Employers are being recognised for paying staff the 'living wage' including one who had in the past struggled on the minimum wage.
The Living Wage Movement has released a list of 58 companies and groups it says are committed to paying employees an hourly rate of $19.80 or more, which it says is enough to afford a decent standard of living.
It comes as new figures this week on the gap between the rich and poor.
Wellington security worker Greg Kane hopes he will soon be getting the 'living wage'.
He has two jobs, working up to 90 hours a week, and earning the minimum wage of $15.25 an hour.
Mr Kane said he was still struggling to provide for his family.
"There is also weeks where we can't buy food because of money. We have to go without."
Mr Kane is employed by security firm Recon, which is contracted to Wellington City Council.
He is part of a mobile patrol team which checks council buildings and enforces noise control.
The work was hard and he was often abused, he said, but he still did not earn enough money in his 44 hours a week with that job and had to pick up other casual work.
"For the past five days, I've lived on just under four hours sleep. I'm in default in some of my house commitments and on deadline to meet them, so I have to try to do everything so we still have a roof over our head and we don't lose everything."
The Council offers directly-employed staff the living wage of $18.55, and last year voted to extend it to staff from third-party contractors doing security and cleaning work.
But a spokesperson said it was still negotiating these conditions.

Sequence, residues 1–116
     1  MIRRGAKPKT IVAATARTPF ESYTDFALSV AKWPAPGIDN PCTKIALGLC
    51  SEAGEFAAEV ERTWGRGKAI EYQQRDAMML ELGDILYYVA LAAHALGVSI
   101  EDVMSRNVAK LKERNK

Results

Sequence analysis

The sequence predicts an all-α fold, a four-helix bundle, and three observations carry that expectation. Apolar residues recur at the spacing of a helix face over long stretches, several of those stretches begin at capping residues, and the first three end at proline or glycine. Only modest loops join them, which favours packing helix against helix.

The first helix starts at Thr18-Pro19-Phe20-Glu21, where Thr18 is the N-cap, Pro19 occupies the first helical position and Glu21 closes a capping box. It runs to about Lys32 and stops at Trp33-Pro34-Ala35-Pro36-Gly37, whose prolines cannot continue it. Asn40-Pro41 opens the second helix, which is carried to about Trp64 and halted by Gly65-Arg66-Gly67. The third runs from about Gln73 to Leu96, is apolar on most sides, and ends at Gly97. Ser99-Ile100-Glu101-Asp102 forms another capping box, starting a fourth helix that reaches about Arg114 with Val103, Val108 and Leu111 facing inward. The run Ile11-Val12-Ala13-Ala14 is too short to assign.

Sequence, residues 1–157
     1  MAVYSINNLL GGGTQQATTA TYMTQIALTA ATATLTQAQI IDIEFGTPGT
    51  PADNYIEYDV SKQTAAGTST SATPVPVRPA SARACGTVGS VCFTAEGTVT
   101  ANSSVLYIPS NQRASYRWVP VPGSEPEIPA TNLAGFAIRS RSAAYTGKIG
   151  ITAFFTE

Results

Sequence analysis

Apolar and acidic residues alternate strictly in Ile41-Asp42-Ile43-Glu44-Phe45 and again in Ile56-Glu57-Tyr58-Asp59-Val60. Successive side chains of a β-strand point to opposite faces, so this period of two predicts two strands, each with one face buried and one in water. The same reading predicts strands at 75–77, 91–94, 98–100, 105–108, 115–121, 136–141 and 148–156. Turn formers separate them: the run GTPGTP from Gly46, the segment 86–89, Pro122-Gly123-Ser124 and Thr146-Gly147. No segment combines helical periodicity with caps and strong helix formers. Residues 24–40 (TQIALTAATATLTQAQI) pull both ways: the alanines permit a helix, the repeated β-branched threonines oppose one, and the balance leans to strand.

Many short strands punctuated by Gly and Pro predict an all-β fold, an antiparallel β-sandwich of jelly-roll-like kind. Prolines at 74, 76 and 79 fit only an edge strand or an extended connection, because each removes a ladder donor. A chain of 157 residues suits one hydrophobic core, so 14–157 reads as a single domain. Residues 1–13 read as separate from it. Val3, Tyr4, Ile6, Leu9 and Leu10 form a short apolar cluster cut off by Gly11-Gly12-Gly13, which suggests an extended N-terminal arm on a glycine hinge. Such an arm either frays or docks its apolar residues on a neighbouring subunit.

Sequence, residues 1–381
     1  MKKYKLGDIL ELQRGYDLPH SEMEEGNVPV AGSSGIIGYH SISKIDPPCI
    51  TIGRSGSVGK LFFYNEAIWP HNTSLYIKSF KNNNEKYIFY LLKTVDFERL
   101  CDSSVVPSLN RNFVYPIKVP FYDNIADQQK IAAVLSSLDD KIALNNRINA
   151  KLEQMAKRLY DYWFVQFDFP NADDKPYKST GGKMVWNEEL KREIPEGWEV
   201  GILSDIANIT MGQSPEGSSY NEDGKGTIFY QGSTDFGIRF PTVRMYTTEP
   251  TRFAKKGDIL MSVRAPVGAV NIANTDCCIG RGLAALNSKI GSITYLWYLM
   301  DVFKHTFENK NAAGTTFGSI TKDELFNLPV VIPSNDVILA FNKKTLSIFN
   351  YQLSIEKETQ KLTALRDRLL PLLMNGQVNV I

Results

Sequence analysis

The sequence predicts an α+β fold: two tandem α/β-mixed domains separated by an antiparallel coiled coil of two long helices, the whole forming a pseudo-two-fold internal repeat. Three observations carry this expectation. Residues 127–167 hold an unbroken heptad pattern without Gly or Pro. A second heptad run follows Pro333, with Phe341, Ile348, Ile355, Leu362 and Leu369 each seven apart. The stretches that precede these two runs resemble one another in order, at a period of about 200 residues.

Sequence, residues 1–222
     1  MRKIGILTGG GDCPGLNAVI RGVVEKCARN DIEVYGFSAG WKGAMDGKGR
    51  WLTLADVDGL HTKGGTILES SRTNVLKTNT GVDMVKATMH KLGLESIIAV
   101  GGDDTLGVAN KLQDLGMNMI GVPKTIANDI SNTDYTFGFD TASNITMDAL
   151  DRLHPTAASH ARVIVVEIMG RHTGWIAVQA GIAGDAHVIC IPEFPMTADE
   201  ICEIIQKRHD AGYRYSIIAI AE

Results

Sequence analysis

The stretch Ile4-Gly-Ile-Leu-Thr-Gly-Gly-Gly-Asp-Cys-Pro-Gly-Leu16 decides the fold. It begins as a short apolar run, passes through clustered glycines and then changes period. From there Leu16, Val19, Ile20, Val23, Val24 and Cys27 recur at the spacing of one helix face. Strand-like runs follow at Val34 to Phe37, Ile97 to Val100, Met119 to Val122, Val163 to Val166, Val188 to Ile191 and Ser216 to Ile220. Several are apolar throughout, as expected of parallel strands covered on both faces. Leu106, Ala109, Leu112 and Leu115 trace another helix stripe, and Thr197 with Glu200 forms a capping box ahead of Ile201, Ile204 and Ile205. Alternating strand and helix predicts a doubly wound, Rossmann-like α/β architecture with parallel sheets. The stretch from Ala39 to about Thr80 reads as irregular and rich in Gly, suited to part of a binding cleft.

A business owner who has got behind the living wage is Jo Luxton, co-owner of Ashburton early childhood centre Headstart.
"I've been in a situation before, where I've been a single parent and any minimum wage is really tough.
"It doesn't really cut it. When the opportunity came to me to pay my staff and any future staff the living wage, I took it. "
Ponsonby Road Bar in Rotorua another of the companies being recognised.
Employee Kristine Knap, 46, said she had lived week-to- week on minimum wage in the past and the increase had taken the strain off life.
"You can actually live without having scrimp and save week to week. I live on my own ... I can pay my rent, my power, have food and gas in my car every week and then save some as well."
Bar co-owner and former Labour candidate Tamati Coffey said while it might cost him more each week the benefits had been huge.
"The mood of the staff has just been incredible. They have a heightened sense of value. They walk in and skip into work.
"It's just such a noticeable difference among the staff that they are suddenly being valued for the work that they do."
In Wellington, security worker Greg Kane said a living wage would change his life.
"We'll probably be able to spend a bit of family time. We'll be able to go and pay our medical bills, live, be able to have the essential foods.
"Having that extra income will allow for a lot more to happen."